I was curious how Numpy stores booleans, so I decided to explore it a bit. Right at the top of the Numpy docs it says that the boolean type is stored as a byte. That’s 8 bits instead of 1, but it probably makes computation more efficient.
Here’s the experiment:
In : tf = np.array([True, False]) In : tf Out: array([ True, False], dtype=bool) In : a = np.random.choice(tf, int(1e7))
tf is a Numpy array containing
np.random.choice samples 10 million times in this case. The system monitor verified that this line of code resulted in a data structure occupying 10 MB in memory.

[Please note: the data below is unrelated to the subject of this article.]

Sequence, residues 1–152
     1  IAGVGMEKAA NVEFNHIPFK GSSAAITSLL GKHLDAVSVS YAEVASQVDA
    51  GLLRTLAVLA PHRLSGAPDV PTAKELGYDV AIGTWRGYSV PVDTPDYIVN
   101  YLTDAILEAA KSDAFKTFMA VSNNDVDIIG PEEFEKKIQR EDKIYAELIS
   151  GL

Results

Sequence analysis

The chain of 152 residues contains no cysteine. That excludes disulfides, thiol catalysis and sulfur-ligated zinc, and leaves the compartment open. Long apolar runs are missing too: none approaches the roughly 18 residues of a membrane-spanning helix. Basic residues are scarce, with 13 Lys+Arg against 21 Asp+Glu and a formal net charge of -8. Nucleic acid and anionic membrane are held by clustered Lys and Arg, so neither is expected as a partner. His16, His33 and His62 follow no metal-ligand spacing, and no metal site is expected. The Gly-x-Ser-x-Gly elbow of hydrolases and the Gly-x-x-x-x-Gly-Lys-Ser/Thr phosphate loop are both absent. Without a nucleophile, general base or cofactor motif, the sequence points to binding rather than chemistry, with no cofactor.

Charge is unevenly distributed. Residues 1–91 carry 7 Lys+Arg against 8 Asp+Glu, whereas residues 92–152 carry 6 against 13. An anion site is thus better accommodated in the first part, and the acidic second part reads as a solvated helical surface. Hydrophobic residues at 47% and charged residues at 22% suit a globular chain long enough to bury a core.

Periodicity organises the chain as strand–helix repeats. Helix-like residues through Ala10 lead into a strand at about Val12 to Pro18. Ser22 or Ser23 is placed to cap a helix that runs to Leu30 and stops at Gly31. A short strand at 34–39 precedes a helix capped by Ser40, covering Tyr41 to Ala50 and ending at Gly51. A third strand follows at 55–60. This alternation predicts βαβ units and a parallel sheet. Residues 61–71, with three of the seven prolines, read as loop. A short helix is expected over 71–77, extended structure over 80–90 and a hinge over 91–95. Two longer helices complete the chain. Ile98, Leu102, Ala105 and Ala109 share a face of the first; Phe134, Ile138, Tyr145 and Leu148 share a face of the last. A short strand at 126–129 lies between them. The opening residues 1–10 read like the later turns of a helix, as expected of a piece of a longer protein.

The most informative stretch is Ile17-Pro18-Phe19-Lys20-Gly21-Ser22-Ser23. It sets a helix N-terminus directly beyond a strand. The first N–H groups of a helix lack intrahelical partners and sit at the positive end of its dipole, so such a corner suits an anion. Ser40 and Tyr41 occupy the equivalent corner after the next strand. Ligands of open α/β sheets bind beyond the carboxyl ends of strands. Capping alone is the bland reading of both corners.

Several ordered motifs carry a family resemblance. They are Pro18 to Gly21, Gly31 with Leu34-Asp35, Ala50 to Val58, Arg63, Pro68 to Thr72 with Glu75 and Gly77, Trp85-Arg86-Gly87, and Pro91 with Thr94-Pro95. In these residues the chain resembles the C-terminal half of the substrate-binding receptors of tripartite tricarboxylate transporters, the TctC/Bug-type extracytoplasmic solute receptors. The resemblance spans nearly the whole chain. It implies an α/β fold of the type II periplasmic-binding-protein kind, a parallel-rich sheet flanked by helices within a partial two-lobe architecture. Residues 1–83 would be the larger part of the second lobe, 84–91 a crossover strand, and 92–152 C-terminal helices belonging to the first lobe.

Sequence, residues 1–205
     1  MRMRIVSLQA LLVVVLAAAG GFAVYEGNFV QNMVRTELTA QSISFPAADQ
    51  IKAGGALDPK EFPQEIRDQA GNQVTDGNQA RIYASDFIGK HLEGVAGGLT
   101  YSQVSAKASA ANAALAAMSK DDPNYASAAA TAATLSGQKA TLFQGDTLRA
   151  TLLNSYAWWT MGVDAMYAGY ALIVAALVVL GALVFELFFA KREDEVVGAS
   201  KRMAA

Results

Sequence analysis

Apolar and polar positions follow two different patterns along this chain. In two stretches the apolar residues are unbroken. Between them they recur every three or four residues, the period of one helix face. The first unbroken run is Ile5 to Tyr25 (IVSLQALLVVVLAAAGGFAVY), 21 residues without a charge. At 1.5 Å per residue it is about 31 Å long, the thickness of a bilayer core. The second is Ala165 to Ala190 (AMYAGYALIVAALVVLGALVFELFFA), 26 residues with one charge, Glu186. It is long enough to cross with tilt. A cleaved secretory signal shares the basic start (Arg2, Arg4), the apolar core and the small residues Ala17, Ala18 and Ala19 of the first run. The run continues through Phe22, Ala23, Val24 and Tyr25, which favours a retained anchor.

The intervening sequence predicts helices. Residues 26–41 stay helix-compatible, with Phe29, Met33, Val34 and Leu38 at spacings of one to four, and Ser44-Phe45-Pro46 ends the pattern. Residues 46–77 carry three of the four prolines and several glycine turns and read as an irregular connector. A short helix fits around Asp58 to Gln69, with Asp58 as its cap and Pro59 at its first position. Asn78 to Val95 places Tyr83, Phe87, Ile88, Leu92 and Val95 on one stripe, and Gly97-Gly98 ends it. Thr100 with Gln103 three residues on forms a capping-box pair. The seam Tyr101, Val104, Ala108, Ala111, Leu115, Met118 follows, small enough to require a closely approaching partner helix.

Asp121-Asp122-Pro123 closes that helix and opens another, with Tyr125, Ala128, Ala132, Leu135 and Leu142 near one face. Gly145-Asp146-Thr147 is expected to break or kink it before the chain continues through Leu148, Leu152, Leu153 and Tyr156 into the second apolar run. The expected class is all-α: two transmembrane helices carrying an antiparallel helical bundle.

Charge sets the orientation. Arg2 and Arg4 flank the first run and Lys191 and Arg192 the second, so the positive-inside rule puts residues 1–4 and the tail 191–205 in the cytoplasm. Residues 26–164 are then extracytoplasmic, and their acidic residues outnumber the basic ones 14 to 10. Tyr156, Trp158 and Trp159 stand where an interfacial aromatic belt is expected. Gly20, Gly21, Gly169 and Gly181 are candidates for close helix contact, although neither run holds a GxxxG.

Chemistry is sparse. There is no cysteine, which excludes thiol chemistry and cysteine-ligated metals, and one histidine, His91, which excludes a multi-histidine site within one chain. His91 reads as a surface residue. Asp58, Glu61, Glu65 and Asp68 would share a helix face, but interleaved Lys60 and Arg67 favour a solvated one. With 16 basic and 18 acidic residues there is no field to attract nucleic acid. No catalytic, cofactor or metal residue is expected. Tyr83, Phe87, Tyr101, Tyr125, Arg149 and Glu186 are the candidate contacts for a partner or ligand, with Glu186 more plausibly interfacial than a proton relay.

Consider this little line of code:
In : b = np.zeros(int(1e7)) In : b.dtype Out: dtype('float64')
One might expect it to create 10 million floating point numbers, resulting in an additional memory use of 8 bytes * 10 million ~ 80 MB of memory. This is what happens for
np.zeros uses almost no memory. This means that something very clever is happening, and it’s using a sparse data structure.
It’s the subtleties that make these things interesting.